A letter from a Sharon Springs Central School English teacher complaining about new standardized state testing has drawn a lot of attention on the New York State United Teachers Facebook page.
The letter from Jennifer Field, posted April 18, details the stress of standardized testing on her children and her students. As of Wednesday afternoon, it was shared more than 1,500 times and liked 1,000 since it was posted.
The tests are given to students in grades three to eight, and will be scored at a date yet to be announced. The three days of testing covered English Language Arts last week, and are covering math this week. They’re the first exams using the common-core curriculum that started to go into effect this year. New York now uses the same curriculum as most other states.
While the exams don’t affect a student’s average, they are used to determine such things as who needs academic intervention. They’re also being used for the first time as part of teacher evaluations.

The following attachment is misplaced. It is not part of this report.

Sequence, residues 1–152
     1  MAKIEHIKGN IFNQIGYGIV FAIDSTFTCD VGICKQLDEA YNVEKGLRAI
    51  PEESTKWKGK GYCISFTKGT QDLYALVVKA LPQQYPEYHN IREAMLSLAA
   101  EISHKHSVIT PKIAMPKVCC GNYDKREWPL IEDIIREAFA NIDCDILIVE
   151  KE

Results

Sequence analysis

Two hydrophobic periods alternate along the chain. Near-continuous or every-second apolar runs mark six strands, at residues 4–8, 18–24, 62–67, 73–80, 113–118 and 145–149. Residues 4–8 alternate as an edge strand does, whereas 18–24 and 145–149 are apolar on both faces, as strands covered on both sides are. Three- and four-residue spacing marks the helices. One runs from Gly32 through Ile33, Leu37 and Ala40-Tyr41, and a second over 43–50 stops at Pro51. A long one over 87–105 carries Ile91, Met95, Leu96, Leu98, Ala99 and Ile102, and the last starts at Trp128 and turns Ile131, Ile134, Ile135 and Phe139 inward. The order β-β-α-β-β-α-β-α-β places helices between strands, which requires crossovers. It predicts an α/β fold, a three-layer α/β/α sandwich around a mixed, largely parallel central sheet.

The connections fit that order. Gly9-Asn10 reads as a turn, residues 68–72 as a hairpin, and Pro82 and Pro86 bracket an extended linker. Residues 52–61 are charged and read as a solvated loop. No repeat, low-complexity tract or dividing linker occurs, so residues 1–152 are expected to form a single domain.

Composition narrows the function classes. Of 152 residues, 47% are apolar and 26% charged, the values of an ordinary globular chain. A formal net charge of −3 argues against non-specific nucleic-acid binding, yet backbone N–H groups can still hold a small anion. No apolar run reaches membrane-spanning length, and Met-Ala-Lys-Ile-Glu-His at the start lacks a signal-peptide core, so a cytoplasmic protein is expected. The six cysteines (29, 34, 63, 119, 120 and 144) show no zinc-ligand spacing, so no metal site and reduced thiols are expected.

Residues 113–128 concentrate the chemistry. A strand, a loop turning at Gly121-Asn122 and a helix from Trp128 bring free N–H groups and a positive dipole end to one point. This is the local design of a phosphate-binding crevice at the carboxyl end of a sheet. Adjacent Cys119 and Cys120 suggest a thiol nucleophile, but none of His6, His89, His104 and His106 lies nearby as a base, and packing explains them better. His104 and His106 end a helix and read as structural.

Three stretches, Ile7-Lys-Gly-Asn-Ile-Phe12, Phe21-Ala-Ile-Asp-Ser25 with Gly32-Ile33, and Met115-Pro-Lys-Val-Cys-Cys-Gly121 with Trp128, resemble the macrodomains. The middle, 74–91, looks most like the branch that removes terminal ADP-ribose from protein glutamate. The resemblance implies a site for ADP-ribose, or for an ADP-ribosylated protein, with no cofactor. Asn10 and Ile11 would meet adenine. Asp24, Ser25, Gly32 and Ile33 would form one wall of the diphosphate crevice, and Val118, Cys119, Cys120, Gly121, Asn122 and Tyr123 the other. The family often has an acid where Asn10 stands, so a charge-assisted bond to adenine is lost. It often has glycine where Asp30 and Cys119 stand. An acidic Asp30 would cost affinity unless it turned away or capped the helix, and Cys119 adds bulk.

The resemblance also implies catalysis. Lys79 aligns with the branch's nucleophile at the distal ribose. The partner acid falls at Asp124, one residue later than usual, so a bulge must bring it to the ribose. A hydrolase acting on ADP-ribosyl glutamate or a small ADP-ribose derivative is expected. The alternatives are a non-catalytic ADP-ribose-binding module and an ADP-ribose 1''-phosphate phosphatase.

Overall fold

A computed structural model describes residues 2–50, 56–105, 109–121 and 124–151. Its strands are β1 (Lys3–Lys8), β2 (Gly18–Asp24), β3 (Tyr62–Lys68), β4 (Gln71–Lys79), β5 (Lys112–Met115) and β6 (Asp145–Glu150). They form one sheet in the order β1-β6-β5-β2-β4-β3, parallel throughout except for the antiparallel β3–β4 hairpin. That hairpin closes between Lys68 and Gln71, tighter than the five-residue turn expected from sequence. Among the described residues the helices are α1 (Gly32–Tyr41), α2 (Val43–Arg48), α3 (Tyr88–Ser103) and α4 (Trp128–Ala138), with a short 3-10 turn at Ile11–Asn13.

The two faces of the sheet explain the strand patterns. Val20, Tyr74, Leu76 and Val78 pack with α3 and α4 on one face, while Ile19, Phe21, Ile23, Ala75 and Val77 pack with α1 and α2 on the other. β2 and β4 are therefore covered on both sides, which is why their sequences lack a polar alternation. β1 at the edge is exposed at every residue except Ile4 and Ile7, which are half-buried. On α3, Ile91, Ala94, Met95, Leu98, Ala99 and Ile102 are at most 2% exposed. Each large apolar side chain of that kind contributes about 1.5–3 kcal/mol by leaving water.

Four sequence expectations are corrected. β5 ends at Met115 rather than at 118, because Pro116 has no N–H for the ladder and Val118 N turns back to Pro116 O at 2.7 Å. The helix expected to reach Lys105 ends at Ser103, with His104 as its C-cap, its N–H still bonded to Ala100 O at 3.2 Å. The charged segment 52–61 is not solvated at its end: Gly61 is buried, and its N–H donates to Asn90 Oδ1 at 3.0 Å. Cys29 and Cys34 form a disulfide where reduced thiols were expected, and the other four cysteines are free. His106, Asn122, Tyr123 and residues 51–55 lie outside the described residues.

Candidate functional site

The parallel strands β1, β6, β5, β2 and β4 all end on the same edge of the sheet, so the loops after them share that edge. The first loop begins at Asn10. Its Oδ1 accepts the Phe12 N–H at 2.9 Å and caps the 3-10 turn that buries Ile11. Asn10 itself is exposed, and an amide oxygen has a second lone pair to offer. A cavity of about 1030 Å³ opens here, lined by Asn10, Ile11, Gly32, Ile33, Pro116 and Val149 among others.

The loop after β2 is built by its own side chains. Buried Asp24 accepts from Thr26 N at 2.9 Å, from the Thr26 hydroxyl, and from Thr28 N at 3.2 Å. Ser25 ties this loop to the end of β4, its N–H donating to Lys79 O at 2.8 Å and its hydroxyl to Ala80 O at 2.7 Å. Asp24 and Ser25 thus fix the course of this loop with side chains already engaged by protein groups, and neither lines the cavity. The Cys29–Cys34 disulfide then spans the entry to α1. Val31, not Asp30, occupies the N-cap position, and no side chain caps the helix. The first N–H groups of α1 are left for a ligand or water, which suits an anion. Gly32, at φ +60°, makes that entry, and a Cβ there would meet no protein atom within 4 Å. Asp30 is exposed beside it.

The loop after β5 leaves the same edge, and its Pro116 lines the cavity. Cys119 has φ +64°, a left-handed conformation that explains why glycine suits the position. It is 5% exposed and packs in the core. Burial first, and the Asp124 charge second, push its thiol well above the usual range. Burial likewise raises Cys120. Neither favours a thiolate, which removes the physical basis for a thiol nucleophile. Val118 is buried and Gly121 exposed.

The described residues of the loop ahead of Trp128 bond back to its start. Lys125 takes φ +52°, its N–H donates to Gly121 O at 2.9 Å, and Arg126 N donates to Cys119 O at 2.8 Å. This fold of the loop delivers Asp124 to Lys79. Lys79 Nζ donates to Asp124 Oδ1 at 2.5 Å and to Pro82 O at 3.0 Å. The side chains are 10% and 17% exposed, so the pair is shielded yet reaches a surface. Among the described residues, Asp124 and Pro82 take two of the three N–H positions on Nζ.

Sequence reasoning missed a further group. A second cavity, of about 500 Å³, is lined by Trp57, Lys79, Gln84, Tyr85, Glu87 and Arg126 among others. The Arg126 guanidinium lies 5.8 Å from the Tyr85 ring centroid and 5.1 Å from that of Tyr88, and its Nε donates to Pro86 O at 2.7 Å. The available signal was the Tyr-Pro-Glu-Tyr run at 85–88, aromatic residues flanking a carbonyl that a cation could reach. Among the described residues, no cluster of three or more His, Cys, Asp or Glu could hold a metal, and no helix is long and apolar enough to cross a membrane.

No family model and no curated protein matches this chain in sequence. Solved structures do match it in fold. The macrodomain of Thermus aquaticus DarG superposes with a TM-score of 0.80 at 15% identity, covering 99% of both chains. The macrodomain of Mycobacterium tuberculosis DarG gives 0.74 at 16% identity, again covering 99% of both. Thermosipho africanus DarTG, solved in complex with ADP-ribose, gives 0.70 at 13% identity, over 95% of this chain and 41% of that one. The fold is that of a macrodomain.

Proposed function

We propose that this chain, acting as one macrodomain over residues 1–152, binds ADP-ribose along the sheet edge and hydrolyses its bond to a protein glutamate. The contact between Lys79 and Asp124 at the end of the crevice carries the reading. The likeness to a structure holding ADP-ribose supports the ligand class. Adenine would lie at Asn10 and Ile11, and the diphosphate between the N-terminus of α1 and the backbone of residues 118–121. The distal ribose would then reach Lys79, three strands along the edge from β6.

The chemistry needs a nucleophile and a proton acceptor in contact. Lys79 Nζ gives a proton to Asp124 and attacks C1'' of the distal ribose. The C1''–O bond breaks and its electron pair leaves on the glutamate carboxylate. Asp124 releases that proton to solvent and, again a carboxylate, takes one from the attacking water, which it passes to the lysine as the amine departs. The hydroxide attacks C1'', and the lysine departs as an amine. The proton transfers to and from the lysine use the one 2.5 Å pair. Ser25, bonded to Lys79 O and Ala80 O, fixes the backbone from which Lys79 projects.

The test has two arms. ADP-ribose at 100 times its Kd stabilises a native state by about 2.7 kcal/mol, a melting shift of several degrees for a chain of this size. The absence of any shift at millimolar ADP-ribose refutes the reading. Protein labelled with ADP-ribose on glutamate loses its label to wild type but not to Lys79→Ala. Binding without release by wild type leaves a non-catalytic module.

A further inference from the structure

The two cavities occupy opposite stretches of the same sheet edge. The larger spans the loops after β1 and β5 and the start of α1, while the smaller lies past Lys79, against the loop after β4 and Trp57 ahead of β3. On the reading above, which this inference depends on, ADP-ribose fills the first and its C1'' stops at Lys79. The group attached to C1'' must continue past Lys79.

In her letter, Field talks about the frustrations she has seen by those taking the tests, as a parent and a teacher, wondering why they had to be so long. After taking the test herself, she asked: “Isn’t it possible for the state to assess how these students are doing with half the questions and half the reading passages?”
She did not return a call for comment.
Among the complaints about the tests cited in an email last week from Robert Lowry, deputy director of the New York State Council of School Superintendents, is that many students did not have enough time to complete the tests, and became frustrated.
“Generally, we hear that reading passages were fair and reasonable, but questions were difficult, even tricky, requiring students to go back and re-read passages to zero in on correct answers.” Several superintendents reported that high-performing students were frustrated by the tests, while special-needs students just gave up, he said.